1.      What is the gross income of both parties? (Note, this issue sometimes becomes complicated, especially if one party is self-employed, has an income that is not easily ascertainable, or if one party is unemployed. Consult an attorney if there are any complications in your case.)

2.      What is the number and ages of minor children involved? (Note, if this factor is complicated, please consult a mental health professional before seeking the advise of an attorney.)

3.      What is the cost of medical/dental/vision insurance for the minor child(ren): The key to this factor is to find the cost for medical insurance for just the minor children. (Note, at times, this factor can be complicated as well. Please consult an attorney if there are any complications in your case.)

4.      What are the monthly childcare costs for the minor children?

5.      Are there any extra education expenses paid for the minor children?

6.      Are there any extraordinary (gifted or handicapped) expenses for the minor children?

7.      How many days, out of a year, will the non-custodial parent have with the minor children?

 

Third, the next step is to plug the numbers from the answers above into their corresponding areas in the Arizona child support calculator, which can be found here:

 

Fourth, once you have plugged in the numbers above into the calculator, it will dispense a number under the heading “Child Support Obligation to be paid by____________”. This is where you will have your “ball-park” child support number.

 

If there are complications in your child support case, or to get an exact child support calculation, contact a family law attorney who is experienced in using the Arizona Child Support Guidelines.

 

If you are in need of legal counsel and would like to speak with an experienced attorney, please call 800 899-2730  or visit our website at yourarizonadivorcelawyer.com. or www.davismiles.com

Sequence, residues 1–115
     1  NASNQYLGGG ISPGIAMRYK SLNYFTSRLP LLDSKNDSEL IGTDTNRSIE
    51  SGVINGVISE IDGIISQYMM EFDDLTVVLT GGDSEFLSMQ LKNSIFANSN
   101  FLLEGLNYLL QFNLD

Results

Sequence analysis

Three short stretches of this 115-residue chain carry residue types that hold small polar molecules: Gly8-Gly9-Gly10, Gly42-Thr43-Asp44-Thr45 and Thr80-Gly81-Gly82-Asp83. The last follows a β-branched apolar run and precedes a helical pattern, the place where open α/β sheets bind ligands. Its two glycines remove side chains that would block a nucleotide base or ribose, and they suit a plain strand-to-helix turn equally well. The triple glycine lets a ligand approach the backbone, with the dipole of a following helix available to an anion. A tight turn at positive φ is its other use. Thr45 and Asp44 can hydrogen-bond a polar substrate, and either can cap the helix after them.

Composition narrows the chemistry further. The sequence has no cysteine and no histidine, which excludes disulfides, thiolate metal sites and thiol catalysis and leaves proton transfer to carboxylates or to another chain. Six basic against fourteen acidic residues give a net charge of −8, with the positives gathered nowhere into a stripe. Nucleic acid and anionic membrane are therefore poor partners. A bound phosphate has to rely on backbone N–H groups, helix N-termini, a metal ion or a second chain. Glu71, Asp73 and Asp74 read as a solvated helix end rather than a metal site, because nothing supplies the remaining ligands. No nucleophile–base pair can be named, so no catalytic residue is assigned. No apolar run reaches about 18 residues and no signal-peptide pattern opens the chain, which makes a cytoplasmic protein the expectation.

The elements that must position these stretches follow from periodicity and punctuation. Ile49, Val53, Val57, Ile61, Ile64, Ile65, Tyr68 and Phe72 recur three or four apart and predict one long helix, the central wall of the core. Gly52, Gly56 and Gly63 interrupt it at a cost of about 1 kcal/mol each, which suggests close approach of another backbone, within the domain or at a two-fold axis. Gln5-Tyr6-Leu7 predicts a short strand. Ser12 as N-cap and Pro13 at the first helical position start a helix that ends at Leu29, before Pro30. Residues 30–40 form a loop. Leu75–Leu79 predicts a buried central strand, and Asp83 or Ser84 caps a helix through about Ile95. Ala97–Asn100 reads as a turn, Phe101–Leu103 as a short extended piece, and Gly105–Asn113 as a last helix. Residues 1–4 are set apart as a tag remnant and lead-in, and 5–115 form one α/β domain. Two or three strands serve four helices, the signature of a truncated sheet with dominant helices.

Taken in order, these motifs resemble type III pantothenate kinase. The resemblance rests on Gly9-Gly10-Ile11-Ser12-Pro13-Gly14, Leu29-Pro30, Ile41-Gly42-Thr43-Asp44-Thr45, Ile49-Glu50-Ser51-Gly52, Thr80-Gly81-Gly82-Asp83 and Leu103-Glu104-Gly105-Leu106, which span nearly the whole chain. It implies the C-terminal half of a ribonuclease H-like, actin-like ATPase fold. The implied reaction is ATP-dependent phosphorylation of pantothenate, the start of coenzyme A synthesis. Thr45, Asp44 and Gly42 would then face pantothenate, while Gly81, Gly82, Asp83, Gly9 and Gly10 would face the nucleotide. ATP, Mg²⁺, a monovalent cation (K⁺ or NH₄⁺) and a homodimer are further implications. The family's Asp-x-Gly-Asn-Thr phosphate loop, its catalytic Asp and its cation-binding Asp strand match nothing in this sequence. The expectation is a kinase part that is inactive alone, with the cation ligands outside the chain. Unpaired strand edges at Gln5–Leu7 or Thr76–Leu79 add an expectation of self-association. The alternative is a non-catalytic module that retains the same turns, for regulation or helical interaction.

[1] While a “ball-park” calculation of child support may be important for purposes of settlement, or setting expectations, one should note that a full child support calculation should be done by an attorney who is experienced in using the Arizona Child Support Guidelines.  

 

 

ARIZONA DIVORCE LAWYER: COMMUNICATION ISSUES DURING AND AFTER DIVORCES (FOR THE CHILDREN’S SAKE)

Monday, June 18th, 2012

Submitted by Attorney Douglas Gardner

Tempe Arizona Divorce Attorney Speaks About Communicating With Spouse or Ex-Spouse About The Children

 

Most expensive Arizona divorces become expensive because of poor communication about the children.  Other factors can occasionally cause cases to get expensive, but generally custody issues have a large impact upon the cost of a case.

   

Except in extreme cases, the Court will generally order that the parties share joint legal custody.  Joint legal custody requires that both parents work together to make major medical, educational, and religious decisions.  In both sole custody and joint custody cases, the parties will still be required to have some level of communications regarding the logistics, including exchange times, exchange locations, and holiday scheduling.

 

In many cases, the parties will quickly (or at least eventually) learn to get along in a business-like relationship.  While the emotion and romance are long since gone, the parties should learn to work together at the business of raising their children.  Even in a business-like relationship, in which both parties are seeking to receive a personal advantage, parties can learn that it is mutually advantageous to compromise and to acquiesce to the other parent’s requests, so that at other times the other parent will compromise and acquiesce to future requests needed. 

 

It is important in developing a business-like relationship that the compromise work both ways, and the acquiescence work both ways.  If one parent is constantly a taker, and the other parent constantly acquiescing, this will cause resentment and will eventually result in a breakdown of communications and an unwillingness of one or both parents to compromise. 

 

A good divorce attorney should be able to discuss with you and share with you ways to work on communications, ways to set appropriate boundaries so that you are not taken advantage of, and other methods for “training” your ex-spouse or your soon-to-be-ex-spouse to understand that compromise works both ways. 

 

It is also of vital importance to have a detailed and strongly worded parenting plan in place.  While it is beneficial to both parents to work together and cooperate, and while it would be wonderful if both parents got along so well that the parenting plan was never needed, the fact is the parents are divorced or divorcing, and this indicates that there is a good chance that at least occasionally communications break down.  A solidly written parenting plan or custody order provides a fall back position for times when compromise is not occurring.  The parenting plan should detail the rights and responsibilities as well as the parenting times.  The parenting plan serves as the tie-breaking vote for occasions when no agreement can be reached.  The parent wishing to follow the written parenting plan prevails at that time.